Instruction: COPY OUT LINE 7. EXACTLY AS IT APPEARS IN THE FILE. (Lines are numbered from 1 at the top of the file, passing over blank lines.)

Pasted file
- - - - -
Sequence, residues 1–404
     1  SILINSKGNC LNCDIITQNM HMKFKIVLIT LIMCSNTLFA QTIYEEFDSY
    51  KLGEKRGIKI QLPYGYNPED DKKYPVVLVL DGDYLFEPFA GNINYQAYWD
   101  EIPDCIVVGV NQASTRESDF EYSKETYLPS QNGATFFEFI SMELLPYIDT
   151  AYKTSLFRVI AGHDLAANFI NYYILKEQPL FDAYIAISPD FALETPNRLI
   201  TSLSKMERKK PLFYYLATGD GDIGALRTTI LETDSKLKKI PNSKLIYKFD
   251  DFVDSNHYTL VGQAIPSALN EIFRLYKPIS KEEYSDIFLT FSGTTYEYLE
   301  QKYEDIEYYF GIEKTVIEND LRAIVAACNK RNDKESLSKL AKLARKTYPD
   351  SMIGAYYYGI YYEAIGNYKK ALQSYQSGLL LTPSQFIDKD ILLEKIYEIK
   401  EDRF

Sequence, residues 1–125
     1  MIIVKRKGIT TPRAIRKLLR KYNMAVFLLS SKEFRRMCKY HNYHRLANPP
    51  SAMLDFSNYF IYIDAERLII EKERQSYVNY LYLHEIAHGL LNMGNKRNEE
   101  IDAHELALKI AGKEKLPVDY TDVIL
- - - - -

   251  DFVDSNHYTL VGQAIPSALN EIFRLYKPIS KEEYSDIFLT FSGTTYEYLE